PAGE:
That creates a weird situation, since it makes the two propositions half-compete with each other. The ballot wants you to consider each of these propositions independently, allowing you to vote “yes” or “no” for both, if you want. But both can’t pass.

That means you need to vote strategically. Do you want CA schools to get more money no matter what? Vote both. Do you think the difference between these propositions is significant enough that you want to pick a favorite? Vote for one. Do you think any tax increase isn’t worth it? Vote neither.


Should You Vote in Your Home State or Your College’s State?

Vote pin on an American flagI was an out-of-state student. For four years, my family and mailing address were in Virginia, but I spent the majority of the year up in Massachusetts. I kept my voting registration in Virginia, mostly because I’d rather cast a vote in a swing state than in one that tends to lean blue.

Many students might not realize it, but it’s a choice all out-of-state students can make. Confirmed by the 1979 Supreme Court case Symm vs. United States, students are permitted to register as voters in either their home state or the state where they attend school. This applies at the local level too. (The Supreme Court case actually dealt with a dispute over voting in a particular county.)

A website called is designed to help students with the decision by comparing the number of electoral college votes, the breakdown of votes in the last election, the number of issues and candidates on the ticket, and the registration deadline to determine which state is “worth more” in the election.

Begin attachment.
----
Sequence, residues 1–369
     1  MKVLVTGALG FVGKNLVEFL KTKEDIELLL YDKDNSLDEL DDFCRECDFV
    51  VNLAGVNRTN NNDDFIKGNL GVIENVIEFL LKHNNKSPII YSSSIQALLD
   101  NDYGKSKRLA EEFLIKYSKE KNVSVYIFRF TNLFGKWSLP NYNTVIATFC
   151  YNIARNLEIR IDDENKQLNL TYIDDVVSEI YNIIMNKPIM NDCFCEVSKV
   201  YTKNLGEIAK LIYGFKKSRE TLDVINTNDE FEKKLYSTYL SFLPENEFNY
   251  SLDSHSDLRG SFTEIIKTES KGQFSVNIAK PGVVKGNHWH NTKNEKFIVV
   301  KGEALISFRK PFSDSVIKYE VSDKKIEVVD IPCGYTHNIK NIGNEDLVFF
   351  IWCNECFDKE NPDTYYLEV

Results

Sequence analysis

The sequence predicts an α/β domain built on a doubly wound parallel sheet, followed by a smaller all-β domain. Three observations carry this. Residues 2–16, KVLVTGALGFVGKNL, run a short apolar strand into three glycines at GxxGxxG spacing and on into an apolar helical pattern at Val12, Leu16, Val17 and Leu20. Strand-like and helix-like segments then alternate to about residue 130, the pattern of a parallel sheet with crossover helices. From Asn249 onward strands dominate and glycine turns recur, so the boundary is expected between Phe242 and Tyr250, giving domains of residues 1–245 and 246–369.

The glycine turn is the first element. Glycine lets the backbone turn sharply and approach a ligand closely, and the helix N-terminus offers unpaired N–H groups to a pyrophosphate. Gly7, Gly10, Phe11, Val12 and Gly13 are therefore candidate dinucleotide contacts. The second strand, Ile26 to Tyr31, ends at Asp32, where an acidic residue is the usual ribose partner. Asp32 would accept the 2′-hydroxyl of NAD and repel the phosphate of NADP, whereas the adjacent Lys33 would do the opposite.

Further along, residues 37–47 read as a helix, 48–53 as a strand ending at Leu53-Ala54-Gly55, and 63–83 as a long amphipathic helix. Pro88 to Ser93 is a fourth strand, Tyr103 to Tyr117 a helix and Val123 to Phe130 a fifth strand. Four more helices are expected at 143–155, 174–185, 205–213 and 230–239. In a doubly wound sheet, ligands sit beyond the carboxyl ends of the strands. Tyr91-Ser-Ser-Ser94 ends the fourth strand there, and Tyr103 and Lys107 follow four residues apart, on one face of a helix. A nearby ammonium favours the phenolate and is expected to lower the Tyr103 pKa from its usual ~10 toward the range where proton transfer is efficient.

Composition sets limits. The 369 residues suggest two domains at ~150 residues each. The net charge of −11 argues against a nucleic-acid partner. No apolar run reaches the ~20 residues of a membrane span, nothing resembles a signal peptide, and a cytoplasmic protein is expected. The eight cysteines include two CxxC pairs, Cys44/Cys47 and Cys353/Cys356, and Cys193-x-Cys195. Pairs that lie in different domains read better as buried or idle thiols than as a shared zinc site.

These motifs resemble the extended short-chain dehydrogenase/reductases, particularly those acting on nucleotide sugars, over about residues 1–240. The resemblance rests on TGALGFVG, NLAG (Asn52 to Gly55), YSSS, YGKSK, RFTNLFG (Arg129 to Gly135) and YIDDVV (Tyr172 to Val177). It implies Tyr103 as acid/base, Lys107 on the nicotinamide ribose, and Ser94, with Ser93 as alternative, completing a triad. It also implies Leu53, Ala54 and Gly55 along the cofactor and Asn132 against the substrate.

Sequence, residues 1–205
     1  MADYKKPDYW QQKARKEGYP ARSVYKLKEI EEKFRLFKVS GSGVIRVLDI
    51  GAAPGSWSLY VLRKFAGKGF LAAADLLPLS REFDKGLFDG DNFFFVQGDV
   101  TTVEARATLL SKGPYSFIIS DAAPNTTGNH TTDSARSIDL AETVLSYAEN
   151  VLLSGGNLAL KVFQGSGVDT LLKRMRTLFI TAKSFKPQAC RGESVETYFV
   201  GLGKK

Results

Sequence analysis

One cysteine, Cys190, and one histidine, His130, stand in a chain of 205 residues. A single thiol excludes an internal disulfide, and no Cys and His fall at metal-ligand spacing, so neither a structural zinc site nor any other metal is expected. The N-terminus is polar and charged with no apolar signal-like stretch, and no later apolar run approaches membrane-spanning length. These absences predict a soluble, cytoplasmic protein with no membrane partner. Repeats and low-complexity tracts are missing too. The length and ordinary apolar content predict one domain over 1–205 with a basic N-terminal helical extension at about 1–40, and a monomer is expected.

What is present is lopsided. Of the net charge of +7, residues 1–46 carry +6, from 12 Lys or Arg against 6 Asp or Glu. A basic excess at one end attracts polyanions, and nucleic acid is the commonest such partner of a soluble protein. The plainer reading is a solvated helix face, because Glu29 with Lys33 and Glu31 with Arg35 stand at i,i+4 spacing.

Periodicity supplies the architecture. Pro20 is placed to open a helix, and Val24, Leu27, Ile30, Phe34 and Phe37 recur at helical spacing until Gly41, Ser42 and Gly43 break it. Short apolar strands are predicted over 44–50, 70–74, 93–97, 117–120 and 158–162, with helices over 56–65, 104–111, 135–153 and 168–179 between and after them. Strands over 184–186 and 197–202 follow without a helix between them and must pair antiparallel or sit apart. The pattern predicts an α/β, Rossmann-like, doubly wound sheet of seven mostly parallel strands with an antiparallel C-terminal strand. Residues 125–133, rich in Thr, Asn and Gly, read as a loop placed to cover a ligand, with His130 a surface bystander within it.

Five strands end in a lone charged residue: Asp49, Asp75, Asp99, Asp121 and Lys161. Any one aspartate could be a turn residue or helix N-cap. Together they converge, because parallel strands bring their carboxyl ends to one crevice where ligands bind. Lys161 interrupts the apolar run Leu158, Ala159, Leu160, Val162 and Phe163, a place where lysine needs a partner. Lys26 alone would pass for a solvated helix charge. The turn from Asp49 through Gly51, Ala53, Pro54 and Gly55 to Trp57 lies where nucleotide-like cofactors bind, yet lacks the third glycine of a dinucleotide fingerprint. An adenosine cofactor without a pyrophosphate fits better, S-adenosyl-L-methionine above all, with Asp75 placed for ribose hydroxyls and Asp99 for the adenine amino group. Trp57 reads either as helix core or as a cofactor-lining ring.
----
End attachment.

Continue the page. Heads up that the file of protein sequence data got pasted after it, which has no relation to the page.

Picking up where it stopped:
One the one hand, it’s kind of sad that the value of a vote can measured by a simple online algorithm. It’s kind of sad that we can say, and prove, that one vote counts “more” than another. On the other hand, it’s the way our society is structured and I applaud the site for keeping potential voters informed.


Supreme Court Reviewing Affirmative Action

The Supreme Court of the United States

The Supreme Court heard oral arguments in Fisher v. University of Texas, a case that could potentially change the way our country handles affirmative action.

Here’s the bare-bones facts of the case. Abigail Fisher, a student whose application to the University of Texas was rejected, sued the school for discrimination. She’s white, and arguing that if she had been a racial minority, she would’ve been accepted.

This isn’t the first time a case dealing with affirmative action has appeared in the court. 1978′s Regents of the University of California v. Bakke declared that a quota system, that is, saying that a certain number of spots are reserved for people of a certain race, is unconstitutional. 2003′s Grutter v. Bollinger, regarding the admissions policy at the University of Michigan, upheld affirmative action by arguing that a school has an interest in diversifying their student body, and should be permitted to consider race as a contributing factor in admissions.

Like most Supreme Court cases, Ms. Fisher’s experience will ultimately not have much to do with the debate. That’s doubly true in this case, since she’s already graduated from a different university. Her circumstances aren’t particularly complicated; she just attended Louisiana State University instead of Texas.

Instead, the case could become an argument over how we can decide when we’ve had “enough” affirmative action. At least, that seems to be the direction the justices were steering the conversation. In other words, at what point will the country decide that schools and other institutions are “diverse enough” and let the policy be race-blind?

That may be a loaded question, but it’s hard to talk about affirmative action without using loaded questions.

Florida Approves Setting Different Academic Goals for Different Races